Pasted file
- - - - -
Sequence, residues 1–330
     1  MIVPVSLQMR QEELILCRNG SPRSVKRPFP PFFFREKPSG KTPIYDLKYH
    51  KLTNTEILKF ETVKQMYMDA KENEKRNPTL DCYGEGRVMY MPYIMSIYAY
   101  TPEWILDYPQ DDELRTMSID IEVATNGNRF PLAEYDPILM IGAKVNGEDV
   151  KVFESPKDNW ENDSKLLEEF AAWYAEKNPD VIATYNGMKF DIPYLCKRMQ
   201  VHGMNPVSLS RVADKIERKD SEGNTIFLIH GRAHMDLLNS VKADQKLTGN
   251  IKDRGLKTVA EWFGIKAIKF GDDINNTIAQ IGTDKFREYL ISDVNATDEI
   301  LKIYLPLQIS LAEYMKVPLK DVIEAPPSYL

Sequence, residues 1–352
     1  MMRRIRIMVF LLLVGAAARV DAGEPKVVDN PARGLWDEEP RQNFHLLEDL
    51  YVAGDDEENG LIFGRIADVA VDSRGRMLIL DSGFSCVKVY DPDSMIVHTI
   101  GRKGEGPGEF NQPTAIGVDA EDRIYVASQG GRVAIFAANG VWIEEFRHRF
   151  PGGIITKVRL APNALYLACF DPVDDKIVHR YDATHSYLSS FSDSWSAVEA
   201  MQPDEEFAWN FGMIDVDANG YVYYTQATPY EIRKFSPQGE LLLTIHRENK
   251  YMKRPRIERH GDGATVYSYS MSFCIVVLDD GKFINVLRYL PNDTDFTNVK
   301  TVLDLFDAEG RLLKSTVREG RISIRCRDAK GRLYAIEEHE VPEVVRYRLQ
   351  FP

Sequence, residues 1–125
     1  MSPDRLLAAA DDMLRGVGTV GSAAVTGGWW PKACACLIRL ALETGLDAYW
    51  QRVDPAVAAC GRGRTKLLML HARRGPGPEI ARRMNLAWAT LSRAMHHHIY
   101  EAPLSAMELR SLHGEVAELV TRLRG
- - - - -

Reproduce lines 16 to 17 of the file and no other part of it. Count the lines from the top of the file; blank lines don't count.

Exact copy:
   301  TVLDLFDAEG RLLKSTVREG RISIRCRDAK GRLYAIEEHE VPEVVRYRLQ
   351  FP